101.04—Disorders of the Spine (scoliosis)
102.00—Special Senses and Speech (vision and hearing impairments)
Be sure to consult the Blue Book to review each of these listings. If you do not understand the terminology or if you are unsure which listing matches your child’s condition, you may want to schedule an appointment with his or her doctor. A doctor can walk you through the criteria and can help you identify the listings that your child falls under.
If your child does not match any Blue Book listings, he or she may still qualify for SSI if you can prove, using medical evidence, that PWS seriously interferes with his or her day-to-day functioning.
To begin the SSI application process on behalf of your child, you must schedule an interview to be held at your local Social Security field office.
In preparation for your child’s interview, it is important that you collect all medical records relating to your child’s condition. These should include a record of his or her diagnosis, lab reports, findings of physical and mental examinations, a history of treatments, and written statements from any medical professionals that interact with your child regularly. Medical records such as these will substantiate your child’s claim—without them the application could be delayed or even denied.
You will also need to collect statements from other adults who know your child and understand his or her limitations. This may include people like teachers, coaches, or therapists. Additionally, you should be prepared to submit records pertaining to your finances.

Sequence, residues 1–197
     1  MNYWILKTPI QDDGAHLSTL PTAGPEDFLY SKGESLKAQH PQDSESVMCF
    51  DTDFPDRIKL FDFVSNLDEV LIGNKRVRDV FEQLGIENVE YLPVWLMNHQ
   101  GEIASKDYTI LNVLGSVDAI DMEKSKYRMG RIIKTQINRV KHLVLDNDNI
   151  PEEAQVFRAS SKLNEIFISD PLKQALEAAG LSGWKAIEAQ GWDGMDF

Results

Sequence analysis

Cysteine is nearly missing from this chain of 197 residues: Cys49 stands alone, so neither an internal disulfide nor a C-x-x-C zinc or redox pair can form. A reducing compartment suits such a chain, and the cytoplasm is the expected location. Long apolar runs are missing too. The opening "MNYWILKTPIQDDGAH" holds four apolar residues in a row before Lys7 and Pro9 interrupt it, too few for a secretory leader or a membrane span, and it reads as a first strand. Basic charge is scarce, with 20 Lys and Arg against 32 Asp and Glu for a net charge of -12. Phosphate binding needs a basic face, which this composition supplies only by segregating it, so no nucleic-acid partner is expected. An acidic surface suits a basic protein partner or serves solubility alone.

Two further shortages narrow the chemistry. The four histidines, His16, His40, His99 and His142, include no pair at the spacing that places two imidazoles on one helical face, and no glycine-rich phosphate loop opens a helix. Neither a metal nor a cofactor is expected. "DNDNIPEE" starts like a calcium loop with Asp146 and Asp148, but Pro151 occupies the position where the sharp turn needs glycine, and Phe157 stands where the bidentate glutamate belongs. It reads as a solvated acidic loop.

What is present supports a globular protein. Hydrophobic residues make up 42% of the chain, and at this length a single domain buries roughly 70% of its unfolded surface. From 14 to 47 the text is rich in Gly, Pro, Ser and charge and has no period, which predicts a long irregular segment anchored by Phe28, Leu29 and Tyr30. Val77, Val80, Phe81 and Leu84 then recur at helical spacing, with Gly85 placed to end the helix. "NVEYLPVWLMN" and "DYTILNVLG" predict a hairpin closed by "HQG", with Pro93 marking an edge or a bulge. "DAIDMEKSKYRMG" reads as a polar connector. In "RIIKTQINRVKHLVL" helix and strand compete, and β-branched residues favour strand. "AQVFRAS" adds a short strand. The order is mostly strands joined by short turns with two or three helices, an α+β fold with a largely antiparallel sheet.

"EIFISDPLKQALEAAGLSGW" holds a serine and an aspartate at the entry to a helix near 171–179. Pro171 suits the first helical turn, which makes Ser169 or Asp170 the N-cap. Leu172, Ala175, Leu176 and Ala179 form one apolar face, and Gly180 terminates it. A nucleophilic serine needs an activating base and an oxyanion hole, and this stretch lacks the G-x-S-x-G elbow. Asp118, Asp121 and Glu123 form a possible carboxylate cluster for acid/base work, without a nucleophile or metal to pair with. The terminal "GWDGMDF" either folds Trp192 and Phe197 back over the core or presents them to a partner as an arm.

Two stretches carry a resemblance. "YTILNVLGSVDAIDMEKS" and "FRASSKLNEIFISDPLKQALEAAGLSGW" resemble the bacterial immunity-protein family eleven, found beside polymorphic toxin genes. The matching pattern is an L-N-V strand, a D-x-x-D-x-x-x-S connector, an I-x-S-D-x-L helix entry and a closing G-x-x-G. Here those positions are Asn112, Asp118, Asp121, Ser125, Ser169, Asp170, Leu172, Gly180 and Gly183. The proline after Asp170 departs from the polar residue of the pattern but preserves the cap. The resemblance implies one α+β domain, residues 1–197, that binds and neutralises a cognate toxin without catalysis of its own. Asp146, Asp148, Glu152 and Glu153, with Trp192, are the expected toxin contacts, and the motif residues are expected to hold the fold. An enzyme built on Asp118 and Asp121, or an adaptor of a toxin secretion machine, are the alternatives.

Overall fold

For a complete list of SSI application requirements, visit the Childhood Disability Checklist.
The actual SSI application is made up of several different forms. Although a portion of these forms can be completed online, many parents prefer to complete all forms at the disability interview—with the help of an SSA representative. When you are filling out the application, be sure to provide accurate and detailed answers. Any inconsistencies or missing information could potentially impact your child’s claim negatively.
Once you have submitted your child’s SSI application, it may be many months before you receive the SSA’s decision. If your son or daughter is approved, you will receive a letter from the SSA detailing your child’s benefits. If your child is denied, you will receive a letter from the SSA containing the reason for denial as well as instructions to appeal the denial.
Unfortunately, more than half of all applications for disability benefits are denied. That being said—a denial is not the end of the road. Be sure to file an appeal within 60 days of receiving the denial notice and use the appeals process to strengthen your child’s claim and correct any mistakes that were made. Fortunately, many more applicants are approved during appeals proceedings than during the initial application.
For more information about applying for disability benefits, visit the Social Security Disability Help blog or contact Molly Clarke at email@example.com.